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Car & Driver included an article in the early 80's explaining that there is no such thing as a "sway bar" or even an "anti-sway bar" on a car. It's a colloquialism that is incorrect. They would more correctly be called either anti-roll bars or stabilizer bars. But, as with any other colloquialism (i.e. "dino oil") we know what people are talking about.
 
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My only guess would be because cars with independent suspensions usually uses some sort of link that allows some movement, these don't so the force is transmitted side to side with force, something has to give. A rear wheel was either run up on something high at more than crawling speed like you would if you were parking on the curb or it was flogged hard enough to do this which i find doubtful. Just looking at the design i know what i would do before putting it back together but i wont say for fear of being called a heretic by the purist. LOL
 
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Originally Posted By: DBMaster
Car & Driver included an article in the early 80's explaining that there is no such thing as a "sway bar" or even an "anti-sway bar" on a car. It's a colloquialism that is incorrect. They would more correctly be called either anti-roll bars or stabilizer bars. But, as with any other colloquialism (i.e. "dino oil") we know what people are talking about.
Yeah like how they taught English in German schools years ago. May i have the bill of fare instead of can i have a Menu. There was something about friggin carpets too but i don't remember, it was over 50 years ago. We all know what it is, no point in changing the words to the same music. Interesting though, thanks for posting it.
 

Vikas

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Please tell! The only way I can see this happening is if the entire rear suspension is literally being hung by the stabilizer bar! I have eyes on a S550 and I need to understand how unrealistic owning a 100K+ miles specimen of a $100K car is before jumping!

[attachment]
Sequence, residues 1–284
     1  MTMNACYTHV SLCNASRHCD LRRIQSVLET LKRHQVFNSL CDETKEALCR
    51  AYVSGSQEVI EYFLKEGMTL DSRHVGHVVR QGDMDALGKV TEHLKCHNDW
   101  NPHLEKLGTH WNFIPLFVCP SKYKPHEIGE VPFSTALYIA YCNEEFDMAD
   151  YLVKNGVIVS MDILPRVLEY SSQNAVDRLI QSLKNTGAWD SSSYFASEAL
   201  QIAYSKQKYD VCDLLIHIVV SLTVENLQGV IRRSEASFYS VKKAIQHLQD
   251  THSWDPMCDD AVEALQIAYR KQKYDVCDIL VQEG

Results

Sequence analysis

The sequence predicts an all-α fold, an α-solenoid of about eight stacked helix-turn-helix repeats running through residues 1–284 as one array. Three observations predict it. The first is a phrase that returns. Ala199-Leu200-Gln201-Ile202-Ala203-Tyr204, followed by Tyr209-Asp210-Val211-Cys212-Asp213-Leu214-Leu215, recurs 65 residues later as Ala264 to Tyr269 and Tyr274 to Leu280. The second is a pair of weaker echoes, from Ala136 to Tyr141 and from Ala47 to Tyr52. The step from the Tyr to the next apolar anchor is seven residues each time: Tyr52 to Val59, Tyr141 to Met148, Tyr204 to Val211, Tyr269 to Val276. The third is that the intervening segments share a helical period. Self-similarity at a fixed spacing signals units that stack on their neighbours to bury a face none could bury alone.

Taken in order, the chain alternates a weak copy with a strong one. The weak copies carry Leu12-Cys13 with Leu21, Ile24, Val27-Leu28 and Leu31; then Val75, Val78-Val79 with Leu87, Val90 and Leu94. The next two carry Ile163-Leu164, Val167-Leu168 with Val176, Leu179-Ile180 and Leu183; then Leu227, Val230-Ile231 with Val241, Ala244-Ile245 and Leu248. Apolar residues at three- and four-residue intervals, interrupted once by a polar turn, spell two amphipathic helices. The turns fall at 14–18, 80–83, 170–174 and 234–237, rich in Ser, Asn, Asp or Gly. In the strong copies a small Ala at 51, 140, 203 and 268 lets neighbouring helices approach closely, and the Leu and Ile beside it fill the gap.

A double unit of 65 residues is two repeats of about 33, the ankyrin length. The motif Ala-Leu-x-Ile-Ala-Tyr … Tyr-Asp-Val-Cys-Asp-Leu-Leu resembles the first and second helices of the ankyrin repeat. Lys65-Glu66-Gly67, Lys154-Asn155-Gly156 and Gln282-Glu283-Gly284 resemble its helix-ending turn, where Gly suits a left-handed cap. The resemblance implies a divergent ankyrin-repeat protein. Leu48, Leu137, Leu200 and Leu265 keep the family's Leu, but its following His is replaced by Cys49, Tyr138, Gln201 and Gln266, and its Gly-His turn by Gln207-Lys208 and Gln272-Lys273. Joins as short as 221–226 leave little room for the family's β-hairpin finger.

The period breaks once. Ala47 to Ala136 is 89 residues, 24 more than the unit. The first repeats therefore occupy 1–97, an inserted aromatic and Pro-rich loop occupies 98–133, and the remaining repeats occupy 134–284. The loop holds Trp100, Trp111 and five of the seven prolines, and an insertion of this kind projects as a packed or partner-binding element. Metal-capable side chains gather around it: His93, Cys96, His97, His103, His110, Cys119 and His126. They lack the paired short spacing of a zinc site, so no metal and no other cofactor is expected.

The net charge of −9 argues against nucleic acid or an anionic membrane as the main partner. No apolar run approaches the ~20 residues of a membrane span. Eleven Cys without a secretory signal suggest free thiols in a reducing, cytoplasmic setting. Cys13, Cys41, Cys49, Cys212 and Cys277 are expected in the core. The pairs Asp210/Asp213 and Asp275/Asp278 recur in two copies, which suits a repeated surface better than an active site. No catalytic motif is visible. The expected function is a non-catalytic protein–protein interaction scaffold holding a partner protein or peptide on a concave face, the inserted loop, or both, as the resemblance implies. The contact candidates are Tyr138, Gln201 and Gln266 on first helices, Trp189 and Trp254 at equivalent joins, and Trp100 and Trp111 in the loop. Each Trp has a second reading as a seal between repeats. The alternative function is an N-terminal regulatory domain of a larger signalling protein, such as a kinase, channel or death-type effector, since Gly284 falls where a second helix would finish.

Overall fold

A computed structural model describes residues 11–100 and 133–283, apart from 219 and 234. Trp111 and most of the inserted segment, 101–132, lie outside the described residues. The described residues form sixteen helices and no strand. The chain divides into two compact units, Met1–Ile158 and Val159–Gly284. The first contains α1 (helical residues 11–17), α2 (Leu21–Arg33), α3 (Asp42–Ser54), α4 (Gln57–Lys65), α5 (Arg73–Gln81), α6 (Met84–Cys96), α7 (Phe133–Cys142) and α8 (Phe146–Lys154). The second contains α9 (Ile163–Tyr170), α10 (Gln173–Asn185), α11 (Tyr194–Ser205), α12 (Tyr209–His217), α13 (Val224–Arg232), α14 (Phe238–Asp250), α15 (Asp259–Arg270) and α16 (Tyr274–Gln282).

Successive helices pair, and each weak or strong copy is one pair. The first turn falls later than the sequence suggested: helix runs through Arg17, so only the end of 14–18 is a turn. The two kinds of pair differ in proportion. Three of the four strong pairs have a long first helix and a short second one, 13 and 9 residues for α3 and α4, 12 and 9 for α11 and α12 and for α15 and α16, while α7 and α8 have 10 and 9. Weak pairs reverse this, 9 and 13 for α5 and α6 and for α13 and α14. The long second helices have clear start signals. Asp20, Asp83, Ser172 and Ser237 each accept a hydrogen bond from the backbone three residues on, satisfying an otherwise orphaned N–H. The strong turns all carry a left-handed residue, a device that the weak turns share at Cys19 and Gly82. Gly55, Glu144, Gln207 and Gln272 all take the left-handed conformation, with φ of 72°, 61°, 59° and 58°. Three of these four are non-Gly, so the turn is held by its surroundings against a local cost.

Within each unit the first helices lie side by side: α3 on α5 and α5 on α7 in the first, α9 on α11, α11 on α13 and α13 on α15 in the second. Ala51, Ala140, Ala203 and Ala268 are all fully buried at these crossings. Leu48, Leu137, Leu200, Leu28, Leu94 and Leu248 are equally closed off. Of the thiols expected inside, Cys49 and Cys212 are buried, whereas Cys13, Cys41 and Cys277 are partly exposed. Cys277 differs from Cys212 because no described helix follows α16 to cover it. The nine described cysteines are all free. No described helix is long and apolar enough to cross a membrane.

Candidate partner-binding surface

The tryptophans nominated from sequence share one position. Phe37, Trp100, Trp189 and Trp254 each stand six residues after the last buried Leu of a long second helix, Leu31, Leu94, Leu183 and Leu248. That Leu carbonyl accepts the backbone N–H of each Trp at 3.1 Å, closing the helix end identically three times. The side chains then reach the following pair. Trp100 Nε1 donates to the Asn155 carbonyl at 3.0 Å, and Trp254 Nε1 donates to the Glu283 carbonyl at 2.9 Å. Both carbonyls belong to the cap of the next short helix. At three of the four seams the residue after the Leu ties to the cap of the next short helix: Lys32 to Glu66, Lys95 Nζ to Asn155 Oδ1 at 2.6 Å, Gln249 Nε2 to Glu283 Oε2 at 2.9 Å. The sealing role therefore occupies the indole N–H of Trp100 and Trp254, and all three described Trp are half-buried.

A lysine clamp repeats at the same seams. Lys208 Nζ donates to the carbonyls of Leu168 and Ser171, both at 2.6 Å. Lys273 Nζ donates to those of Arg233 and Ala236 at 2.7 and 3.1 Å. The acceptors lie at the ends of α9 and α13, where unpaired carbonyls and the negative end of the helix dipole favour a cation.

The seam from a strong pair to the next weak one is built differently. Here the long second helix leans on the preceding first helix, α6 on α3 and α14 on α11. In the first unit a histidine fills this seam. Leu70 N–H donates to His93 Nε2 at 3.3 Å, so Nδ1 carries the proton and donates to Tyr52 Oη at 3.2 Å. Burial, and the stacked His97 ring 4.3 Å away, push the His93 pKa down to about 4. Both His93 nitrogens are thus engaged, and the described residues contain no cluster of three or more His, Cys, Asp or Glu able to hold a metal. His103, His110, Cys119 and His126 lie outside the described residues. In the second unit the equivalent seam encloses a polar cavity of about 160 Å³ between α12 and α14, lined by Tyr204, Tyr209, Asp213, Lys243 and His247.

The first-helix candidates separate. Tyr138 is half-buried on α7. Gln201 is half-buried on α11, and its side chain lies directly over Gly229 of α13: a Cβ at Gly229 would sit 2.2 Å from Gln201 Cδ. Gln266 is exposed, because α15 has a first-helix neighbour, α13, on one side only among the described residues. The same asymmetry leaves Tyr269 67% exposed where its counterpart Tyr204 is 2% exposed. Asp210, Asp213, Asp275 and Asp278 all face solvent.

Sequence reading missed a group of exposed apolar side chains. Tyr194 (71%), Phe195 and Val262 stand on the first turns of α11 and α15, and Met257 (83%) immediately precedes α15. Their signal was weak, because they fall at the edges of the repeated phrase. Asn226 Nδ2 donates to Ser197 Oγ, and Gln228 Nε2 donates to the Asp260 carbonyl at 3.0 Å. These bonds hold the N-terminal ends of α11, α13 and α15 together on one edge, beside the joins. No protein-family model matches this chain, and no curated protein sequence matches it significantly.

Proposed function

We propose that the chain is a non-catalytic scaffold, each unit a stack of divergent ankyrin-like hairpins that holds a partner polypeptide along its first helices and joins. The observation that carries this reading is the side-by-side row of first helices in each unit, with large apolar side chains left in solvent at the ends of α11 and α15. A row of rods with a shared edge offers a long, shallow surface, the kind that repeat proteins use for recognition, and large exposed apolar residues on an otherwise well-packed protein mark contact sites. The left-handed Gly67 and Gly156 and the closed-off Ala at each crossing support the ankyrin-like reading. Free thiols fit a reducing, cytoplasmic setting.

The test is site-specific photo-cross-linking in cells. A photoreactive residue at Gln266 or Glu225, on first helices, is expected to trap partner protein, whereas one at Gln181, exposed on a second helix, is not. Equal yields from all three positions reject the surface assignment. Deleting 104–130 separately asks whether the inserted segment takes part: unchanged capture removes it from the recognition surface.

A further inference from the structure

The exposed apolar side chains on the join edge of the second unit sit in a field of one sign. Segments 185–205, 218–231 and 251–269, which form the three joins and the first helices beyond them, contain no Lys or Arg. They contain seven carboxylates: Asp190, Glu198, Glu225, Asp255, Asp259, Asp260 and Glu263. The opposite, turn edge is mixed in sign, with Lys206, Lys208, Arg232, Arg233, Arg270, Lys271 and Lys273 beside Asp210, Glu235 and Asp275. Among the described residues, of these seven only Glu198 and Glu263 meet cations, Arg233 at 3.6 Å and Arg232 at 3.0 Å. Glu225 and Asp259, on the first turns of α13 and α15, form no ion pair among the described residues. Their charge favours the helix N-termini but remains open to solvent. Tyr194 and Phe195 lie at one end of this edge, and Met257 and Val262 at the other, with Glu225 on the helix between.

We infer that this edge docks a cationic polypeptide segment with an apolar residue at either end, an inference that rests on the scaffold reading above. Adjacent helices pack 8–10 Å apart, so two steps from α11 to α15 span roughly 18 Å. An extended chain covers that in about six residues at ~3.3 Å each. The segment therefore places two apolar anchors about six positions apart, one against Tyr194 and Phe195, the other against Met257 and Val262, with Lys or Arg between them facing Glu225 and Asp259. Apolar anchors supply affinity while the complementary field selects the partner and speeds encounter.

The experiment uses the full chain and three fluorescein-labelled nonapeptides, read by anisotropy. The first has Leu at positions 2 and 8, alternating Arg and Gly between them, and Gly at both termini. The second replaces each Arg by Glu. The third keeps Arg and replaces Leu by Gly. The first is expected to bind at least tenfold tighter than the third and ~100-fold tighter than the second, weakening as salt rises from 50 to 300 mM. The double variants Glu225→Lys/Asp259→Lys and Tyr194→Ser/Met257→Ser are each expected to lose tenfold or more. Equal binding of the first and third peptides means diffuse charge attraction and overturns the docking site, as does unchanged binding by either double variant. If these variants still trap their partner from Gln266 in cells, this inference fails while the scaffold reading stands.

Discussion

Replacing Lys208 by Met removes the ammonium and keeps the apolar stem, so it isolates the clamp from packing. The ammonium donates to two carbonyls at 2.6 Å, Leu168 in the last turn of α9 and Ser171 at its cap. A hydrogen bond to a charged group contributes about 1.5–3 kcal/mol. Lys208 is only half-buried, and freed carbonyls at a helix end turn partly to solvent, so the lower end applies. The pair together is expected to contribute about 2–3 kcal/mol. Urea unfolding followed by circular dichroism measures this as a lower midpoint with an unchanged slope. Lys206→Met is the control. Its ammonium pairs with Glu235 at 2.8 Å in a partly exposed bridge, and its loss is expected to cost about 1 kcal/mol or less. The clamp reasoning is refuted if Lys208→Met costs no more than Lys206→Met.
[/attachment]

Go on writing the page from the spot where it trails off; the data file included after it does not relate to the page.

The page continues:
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No. This explains it. http://www.whyhighend.com/independent-suspension.html I would either stake or make a double split cup for the bushings, i would need to look at them first to see where the movement is occurring. This is the last vehicle on earth you need to own used with 100K on it. Even if you have a mechanic with the skills and equipment the parts will eat you alive. Mechanically they are are a great car but there is so much technology in them a minor issue becomes a big dollar problem quickly.
 
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Mercedes has been using that style of rear suspension since the '80's...although I don't know if the swaybar mounting has always been like that. I will look at mine a bit closer when I next get it in the air. I had to replace the drive coupling last week, you have to drop the exhaust to do that. Not something I'd do at home, I took it to work and did it on the hoist. English Fords used a combined radius rod and swaybar for many years, on Escorts, Cortinas etc.
 

Vikas

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One of the reason I am tempted is I see even dealers selling them at +250K miles on the clock. I would not go near S600 or AMG but a vanilla S550 (!!) with airmatic (instead of ABC) probably won't be money pit. I might have to start learning about Arnott Industries; but at this stage I am trying to do my due diligence on the weak points of W221